Senior Coastsiders’ Resiliency Hub
Senior Coastsiders is now open as a Community Resilience Hub in Half Moon Bay during their regular business hours. Outfitted with air coolers and purifiers, misting fans, back up batteries, indoor and outdoor air quality monitors, and thermal window coverings for temperature control, their facility serves as a cooling center, charging station, and clean air haven during extreme heat, power outages and poor air quality.
Housing and Climate Readiness
The Housing and Climate Readiness Toolkit (PDF) identifies best practices in site design and land use for decision-makers and practitioners. To address San Mateo County’s housing shortage and prepare homes for climate change impacts, practitioners will need to pursue bold actions and closer coordination. This toolkit’s strategies provide examples of options that can be used to tackle these complex challenges and case studies where these strategies have been implemented.
Climate Ready SMC Initiative and Collaborative
The Climate Ready SMC Initiative was led by the County of San Mateo Office of Sustainability to help communities understand climate impacts now and in the future. In 2019, Climate Ready SMC launched a study to understand how climate change impacts could affect transportation systems and vulnerable communities in the county. Funded by Caltrans and led by the County of San Mateo Office of Sustainability, the study evaluated extreme heat, wildfire, and sea level rise impacts. The project led to the creation of a countywide Climate Ready SMC Collaborative which brought together leaders from across sectors, jurisdictions, and communities to foster collaboration and identify potential solutions to make San Mateo County more resilient to climate impacts.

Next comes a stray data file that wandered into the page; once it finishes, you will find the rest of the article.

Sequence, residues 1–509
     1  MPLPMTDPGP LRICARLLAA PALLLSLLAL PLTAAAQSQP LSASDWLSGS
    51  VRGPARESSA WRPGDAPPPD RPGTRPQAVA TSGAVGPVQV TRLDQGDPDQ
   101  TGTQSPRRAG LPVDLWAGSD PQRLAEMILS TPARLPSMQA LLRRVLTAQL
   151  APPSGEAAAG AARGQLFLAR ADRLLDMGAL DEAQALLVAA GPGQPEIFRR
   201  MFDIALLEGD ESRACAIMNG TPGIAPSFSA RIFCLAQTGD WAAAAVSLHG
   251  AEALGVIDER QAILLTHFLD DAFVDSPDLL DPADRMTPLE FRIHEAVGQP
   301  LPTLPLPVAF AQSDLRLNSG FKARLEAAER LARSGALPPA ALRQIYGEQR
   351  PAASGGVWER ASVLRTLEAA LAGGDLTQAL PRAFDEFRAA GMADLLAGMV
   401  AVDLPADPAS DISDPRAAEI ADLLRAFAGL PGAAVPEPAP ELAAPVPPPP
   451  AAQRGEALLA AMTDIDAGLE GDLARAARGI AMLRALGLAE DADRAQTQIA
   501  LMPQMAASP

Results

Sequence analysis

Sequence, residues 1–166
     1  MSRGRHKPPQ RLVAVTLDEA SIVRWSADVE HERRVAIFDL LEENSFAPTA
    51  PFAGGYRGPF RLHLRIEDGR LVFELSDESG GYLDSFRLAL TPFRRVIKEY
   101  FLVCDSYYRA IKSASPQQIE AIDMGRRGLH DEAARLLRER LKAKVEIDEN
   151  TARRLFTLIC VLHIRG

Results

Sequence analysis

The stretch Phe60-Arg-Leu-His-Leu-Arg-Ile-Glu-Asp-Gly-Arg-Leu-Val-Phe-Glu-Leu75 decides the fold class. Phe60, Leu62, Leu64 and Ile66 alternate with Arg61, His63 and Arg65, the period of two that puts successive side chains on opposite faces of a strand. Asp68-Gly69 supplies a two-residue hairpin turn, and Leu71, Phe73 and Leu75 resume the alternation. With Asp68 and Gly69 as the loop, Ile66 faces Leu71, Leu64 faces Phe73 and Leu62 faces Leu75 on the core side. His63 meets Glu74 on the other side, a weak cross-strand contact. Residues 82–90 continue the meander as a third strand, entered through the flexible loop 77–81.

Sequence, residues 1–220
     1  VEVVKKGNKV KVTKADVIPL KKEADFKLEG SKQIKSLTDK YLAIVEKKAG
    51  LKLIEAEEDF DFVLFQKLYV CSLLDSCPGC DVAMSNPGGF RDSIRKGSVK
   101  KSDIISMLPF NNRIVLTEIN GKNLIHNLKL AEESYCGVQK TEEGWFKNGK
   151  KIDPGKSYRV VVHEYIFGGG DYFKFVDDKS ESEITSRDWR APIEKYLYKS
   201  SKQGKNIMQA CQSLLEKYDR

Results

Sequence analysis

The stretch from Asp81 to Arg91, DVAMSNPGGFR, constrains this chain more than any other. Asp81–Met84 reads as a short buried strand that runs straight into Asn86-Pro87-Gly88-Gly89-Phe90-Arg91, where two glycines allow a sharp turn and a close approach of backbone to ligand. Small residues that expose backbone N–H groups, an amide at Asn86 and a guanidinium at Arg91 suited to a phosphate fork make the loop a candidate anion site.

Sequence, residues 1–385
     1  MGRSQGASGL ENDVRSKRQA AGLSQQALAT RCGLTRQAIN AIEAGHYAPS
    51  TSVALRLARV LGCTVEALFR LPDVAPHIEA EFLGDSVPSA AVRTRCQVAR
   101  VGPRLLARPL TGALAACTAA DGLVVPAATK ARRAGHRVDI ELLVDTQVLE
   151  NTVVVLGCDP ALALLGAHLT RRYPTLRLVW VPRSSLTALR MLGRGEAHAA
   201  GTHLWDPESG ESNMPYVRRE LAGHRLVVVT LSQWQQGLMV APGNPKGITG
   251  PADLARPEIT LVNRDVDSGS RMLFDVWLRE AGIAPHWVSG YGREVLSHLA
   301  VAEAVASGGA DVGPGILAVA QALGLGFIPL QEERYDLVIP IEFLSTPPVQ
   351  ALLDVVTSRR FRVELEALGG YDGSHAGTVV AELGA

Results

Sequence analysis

The initiative used a variety of strategies to understand and plan for climate risks including fostering collaboration through webinars and convenings, development of policy tools, modeling climate impacts, creating outreach materials, investing in culturally competent community engagement, and providing technical assistance, partnership, and resources to resiliency projects. Funded in part by Caltrans, Climate Ready SMC provided competitive grant funds and in-kind support for two pilot city-scale adaptation planning projects.